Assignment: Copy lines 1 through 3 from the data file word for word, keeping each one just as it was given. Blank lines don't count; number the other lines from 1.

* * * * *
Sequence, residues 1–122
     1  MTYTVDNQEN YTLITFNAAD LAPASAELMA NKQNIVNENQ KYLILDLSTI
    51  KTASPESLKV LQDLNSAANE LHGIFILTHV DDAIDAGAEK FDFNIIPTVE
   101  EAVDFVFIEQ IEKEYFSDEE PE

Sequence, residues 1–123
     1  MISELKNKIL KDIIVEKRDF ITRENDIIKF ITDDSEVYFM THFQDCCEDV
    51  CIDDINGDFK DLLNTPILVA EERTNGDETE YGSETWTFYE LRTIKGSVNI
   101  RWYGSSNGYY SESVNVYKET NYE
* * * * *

Sequence, residues 1–122
     1  MTYTVDNQEN YTLITFNAAD LAPASAELMA NKQNIVNENQ KYLILDLSTI
    51  KTASPESLKV LQDLNSAANE LHGIFILTHV DDAIDAGAEK FDFNIIPTVE